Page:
Two-Start Pitchers: 9/26-10/2

Previewing two-start pitchers for the upcoming week.

Welcome to the final two-start pitcher rankings of the 2022 season! This season has been a fun one. I sincerely hope this weekly series has helped you gain an edge in your fantasy baseball prep throughout the season. The regular season may be ending, but don’t be a stranger: I’m always willing to chat fantasy baseball year-round on Twitter at @AnthonyTucker81.

My rankings have four tiers: Set and Forget, Probably Start, Questionable, and Avoid. Set and Forget starters are simply that; get them in your lineup and don’t think twice. The Probably Start tier includes players with the mix of skill and matchups that make them almost certainly two-start plays, but not without some elevated risk compared to the top tier. Questionable starters are those best-suited for daily lineup leagues where you can bench them against the tougher of their two opponents. Finally, we have the Avoid tier, which includes two-start SPs who should remain on your bench or the wire.

As a friendly reminder, the projected starters are just that, projections and subject to change. 


Set and Forget


  • Next week is the final full week of the regular season. These rankings focus solely on next week’s probables. For those in rotisserie leagues, the final few days of the season after this week may be able to swing you additional standings points. If you have it, be sure to save a final FAAB dollar or two for the final three days of the regular season.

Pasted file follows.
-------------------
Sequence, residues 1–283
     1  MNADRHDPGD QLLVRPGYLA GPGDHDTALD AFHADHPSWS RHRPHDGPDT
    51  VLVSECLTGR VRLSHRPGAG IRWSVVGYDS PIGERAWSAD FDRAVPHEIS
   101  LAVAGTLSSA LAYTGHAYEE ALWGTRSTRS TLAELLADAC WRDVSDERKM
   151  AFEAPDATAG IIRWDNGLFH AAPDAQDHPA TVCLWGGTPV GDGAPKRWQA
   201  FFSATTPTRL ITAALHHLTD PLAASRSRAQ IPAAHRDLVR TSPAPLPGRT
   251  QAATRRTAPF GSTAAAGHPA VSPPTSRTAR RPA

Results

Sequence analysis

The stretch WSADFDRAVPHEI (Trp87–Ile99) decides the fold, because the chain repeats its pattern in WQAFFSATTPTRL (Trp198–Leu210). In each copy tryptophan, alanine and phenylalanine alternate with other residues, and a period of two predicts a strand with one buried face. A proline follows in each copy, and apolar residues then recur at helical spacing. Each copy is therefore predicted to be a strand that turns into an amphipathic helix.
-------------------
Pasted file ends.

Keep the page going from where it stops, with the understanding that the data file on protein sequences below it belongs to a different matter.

• Zack Wheeler looked superb in his return off the IL, averaging 98mph on his fastball while not allowing a run to the Blue Jays. He’s now further stretched out for his next start, where we could likely expect to see him throw 75-80 pitches. Phillies fans are breathing a sigh of relief as their ace will get two more starts in the regular season as they try to fend off the Brewers for the final Wild Card spot. Fantasy managers can likewise exhale as well. Make sure Wheeler is in your lineup against the lowly Cubs and Nats.


Probably Start



  • It’s hard to pinpoint why Kevin Gausman’s second half has been so rocky. He’s had the incredible misfortune of a .364 BABIP on the year, but he was able to work around all of those base hits to post a 2.87 ERA over the first half. Since the All-Star break, he improved both his K% and BB% while improving his WHIP. Yet, his second-half ERA is 3.91. The answer to his struggles may lie in a 14.3% HR/FB. Gausman’s BABIP woes have persisted all season and he now has bad luck with the gopher ball to top it all off. Put the veteran’s uneven season out of mind and start him down the stretch.


  • If you haven’t rostered Triston McKenzie this season, it’s likely his breakout season has flown under the radar. Setting aside the more advanced or predictive stats for a moment, the 25-year-old is top 15 in the majors in strikeouts, ERA, and WHIP. All to say, he’s been a fantasy stud this season. McKenzie, with an ADP outside the top 200, is on the short list of best values on draft day.